Rinderpest virus spreads when healthy, susceptible animals are exposed to infected droplets, either in the breath of a sick animal or in its virus-rich secretions or excretions. As the droplets are large and short-lived, the contact between sick and healthy animals must be close for transmission to occur.
Attenuated vaccine strains of rinderpest virus do not spread because they are not released into the expired air or in the faeces, having lost their epitheliotrophism.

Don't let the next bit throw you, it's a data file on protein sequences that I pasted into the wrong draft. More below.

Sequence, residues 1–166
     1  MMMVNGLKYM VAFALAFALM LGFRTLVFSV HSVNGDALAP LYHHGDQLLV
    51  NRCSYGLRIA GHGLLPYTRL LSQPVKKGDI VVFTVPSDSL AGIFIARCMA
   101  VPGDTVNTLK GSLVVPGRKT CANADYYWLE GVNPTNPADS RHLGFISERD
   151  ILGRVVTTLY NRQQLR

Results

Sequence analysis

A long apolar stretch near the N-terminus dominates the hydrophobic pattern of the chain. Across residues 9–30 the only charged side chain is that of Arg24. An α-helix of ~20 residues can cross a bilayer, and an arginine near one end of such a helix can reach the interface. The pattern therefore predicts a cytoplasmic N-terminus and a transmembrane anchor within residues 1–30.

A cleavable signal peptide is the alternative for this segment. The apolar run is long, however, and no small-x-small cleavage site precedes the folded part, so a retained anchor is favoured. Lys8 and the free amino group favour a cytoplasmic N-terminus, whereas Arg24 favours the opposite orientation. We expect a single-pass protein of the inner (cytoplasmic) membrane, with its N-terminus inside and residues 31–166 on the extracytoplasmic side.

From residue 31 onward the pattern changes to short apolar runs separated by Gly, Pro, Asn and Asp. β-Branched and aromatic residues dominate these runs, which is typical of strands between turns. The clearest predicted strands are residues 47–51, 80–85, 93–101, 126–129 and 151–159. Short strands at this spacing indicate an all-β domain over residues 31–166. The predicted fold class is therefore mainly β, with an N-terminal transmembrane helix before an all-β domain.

On rare occasions, transmission has allegedly occurred through indirect contact with contaminated bedding, fodder or water. An analysis of valid records of virgin-soil epizootics from 1851 to 1950, however, clearly revealed that all instances were traceable to the importation of live animals. In short, the most likely source of a fresh focus is a newly arrived live animal.
Controlled experiments have shown that pigs also acquire infection through eating uncooked infected meat scraps. However, the practical significance of this mode of transmission is not clear.